by Emily Greene | July 26, 2023

Competition is a word that has deep roots in free-market ideology but has been twisted and manipulated by many on the Left to sell a top-down, Washington-centric approach to public policy which, ironically, does nothing to spark competitiveness. Take President Biden’s Competition Council, which the administration defines as an Executive Order to “ promote competition in the American economy.” Among the names appointed to the task force are POTUS-nominated cabinet appointees, with Acting Secretary of Labor Julie Su at the top of the list of voices. Su has been no stranger to headlines over the past few months, as her record of anti-competitive labor policies are being brought to the forefront of national news ahead of Senator Schumer’s attempt to confirm Su as Secretary of Labor—albeit, unsuccessfully as even the Democratic caucus does not have the votes to do so.

Julie Su’s history of anti-competitive, pro-control policy is best summed up by her support and enforcement of Assembly Bill 5 during her tenure as California’s Secretary of Labor and Workforce Development from 2019-2021. This legislation, known colloquially as A.B. 5, threatened the livelihoods of millions of Californians by instituting a convoluted and unworkable “ABC” test to determine whether a worker is an independent contractor or a traditional employee. Ultimately, this legislation upended thousands of independent contracting jobs due to the burdensome regulations that followed the results of the three-pronged ABC test. Californians who relied on gig work, such as Uber, GrubHub, and other flexible work opportunities, were left without the ability to set their own schedules or make a living in a way that makes sense for themselves and their families. This was a big problem for California—and Su’s rise to the national political stage serves as a massive problem for the over five million reported gig workers across the country.

According to a recent paper published by the University of Chicago, over five million employees filed earnings through platform-based independent contracting and gig work. In fact, Uber reported a record-high number of employees at the end of 2022, citing 5.4 million employees through their flagship rideshare company and Uber Eats, their platform for gig-based food delivery. Given these numbers, a federal approach to California’s AB 5 would be detrimental for millions of Americans who rely on flexible work to care for their dependents and make an honest living.

There is one demographic of American worker that is most impacted by an ABC-style classification test: the American mother. According to DoorDash, a food delivery service that allows for flexible scheduling, 60% of the company’s female employees report that they are parents or caregivers, and the flexibility of the role allows them to care for their dependents or loved ones. In fact, 73% of the company’s female employees shared that they took up DoorDash to “make up for lost income”. American mothers need flexible income opportunities—and the AB5-style approach to worker misclassification strips them of their ability to seek out these employment options.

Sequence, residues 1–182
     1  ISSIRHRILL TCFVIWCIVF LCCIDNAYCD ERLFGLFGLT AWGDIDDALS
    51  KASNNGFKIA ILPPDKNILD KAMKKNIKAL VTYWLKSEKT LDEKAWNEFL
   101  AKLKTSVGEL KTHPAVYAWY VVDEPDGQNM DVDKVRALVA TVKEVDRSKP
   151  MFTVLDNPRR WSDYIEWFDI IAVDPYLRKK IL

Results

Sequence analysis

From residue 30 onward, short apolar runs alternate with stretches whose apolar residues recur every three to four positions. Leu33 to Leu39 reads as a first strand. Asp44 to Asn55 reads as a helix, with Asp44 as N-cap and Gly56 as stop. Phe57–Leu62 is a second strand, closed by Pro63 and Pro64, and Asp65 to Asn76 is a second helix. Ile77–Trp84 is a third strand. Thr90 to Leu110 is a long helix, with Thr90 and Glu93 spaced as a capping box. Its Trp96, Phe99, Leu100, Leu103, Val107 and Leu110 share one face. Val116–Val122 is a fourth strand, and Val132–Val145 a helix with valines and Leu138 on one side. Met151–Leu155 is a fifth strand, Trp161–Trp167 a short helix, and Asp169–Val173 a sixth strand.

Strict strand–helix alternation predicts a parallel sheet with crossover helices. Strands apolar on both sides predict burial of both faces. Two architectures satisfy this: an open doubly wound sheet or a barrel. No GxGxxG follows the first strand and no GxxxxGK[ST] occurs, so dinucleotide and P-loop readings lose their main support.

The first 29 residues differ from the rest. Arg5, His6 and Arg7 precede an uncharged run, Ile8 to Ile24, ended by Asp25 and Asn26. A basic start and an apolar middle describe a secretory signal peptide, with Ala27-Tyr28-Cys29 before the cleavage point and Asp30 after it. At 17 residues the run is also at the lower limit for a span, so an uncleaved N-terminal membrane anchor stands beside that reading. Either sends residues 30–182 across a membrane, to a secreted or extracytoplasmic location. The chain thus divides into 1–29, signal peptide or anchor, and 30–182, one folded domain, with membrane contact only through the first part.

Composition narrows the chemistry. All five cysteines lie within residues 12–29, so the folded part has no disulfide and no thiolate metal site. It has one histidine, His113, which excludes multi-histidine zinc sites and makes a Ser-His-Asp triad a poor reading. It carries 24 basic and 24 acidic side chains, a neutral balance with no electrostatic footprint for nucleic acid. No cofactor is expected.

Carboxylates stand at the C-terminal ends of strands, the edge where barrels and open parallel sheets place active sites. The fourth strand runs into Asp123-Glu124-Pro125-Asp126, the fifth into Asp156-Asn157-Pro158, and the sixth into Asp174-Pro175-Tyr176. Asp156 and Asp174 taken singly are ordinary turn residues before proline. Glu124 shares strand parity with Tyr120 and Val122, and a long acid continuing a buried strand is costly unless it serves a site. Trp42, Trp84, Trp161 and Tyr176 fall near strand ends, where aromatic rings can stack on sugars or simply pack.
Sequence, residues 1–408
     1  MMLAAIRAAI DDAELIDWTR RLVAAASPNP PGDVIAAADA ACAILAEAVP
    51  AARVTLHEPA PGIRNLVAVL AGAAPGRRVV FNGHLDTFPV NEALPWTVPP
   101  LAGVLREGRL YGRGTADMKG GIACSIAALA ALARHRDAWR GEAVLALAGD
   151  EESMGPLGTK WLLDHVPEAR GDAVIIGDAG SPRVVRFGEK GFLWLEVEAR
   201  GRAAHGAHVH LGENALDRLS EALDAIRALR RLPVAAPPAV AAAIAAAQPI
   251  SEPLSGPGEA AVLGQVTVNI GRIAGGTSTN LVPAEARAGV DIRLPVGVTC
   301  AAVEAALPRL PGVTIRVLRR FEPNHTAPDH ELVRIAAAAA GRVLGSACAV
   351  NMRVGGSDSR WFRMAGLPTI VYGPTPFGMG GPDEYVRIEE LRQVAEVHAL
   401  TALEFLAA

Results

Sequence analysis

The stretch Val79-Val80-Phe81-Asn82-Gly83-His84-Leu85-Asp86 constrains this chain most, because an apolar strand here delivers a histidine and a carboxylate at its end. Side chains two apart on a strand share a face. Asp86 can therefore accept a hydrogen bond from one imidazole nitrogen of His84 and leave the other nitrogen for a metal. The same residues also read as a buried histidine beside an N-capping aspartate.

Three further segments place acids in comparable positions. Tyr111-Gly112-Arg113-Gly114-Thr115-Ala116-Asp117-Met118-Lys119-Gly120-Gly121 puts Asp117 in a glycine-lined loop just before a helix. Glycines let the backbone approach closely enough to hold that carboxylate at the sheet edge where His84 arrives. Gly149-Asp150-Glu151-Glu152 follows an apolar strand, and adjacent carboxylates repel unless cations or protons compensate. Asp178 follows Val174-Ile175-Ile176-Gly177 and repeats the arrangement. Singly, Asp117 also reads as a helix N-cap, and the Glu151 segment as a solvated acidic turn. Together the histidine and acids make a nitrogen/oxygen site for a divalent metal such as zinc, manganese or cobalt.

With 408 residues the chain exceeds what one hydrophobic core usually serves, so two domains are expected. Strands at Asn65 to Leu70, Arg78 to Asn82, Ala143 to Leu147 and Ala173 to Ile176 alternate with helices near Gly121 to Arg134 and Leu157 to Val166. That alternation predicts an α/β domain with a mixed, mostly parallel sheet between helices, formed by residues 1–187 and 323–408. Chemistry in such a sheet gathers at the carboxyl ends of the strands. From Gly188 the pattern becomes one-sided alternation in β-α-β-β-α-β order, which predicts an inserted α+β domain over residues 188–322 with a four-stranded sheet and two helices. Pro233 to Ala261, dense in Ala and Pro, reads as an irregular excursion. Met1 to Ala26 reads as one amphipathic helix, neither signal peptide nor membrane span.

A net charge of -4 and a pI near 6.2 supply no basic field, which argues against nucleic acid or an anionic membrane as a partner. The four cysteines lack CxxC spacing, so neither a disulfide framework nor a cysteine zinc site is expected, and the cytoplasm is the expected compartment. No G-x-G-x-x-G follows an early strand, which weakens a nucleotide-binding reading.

“Bidenomics”, or President Joe Biden’s top-down approach to quote “improve” the country’s economic outlook, includes the PRO Act: the administration’s efforts to replicate AB 5 nationwide. Amongst many things, it would also prevent right-to-work legislation in many states, which allows employees to opt out of unions in the workplace. In states where right-to-work legislation exists, the economy booms. Right-to-work allows for higher wages and higher earnings for employees by removing the stifling regulations that come with union work. Pennsylvania is not a right-to-work state, and in fact, the union influence recently inspired Harrisburg Democrats to introduce House Bill 950, which was an attempt by the House to pass a constitutional amendment that would forever prevent Pennsylvania from becoming a right-to-work state—and forever prevent Pennsylvania’s economy from competing with states such as Florida, North Carolina, and West Virginia.

Though the Commonwealth’s outlook can seem bleak, Americans for Prosperity thanked the Minority Chairman of the House Labor and Industry Committee, Representative Ryan Mackenzie, for standing up for workers and opposing HB 950. In a quote, the Representative from Lehigh County shared, “We want to make sure that individuals have the right to join, or not join a union. That is their personal choice and it is up to them…We want to make sure that when they get into those jobs, they aren’t facing unnecessary burdens or licensing requirements.”

Though Pennsylvania is not considered by many economic experts to be a competitive state, we can get the Commonwealth back on track. By opposing House Bill 950 in Harrisburg, and opposing the PRO Act in Washington, we can ensure a competitive, free-market driven job market for Pennsylvanians working in all industries. Check out, sign your name to our growing list of advocates from every corner of the state, and stay in touch to hold your members accountable to you, the taxpayer. That’s send an email directly to your member’s inbox. Help us fight to make Pennsylvania more competitive for all.

(Emily Greene is Deputy State Director of Americans for Prosperity-PA)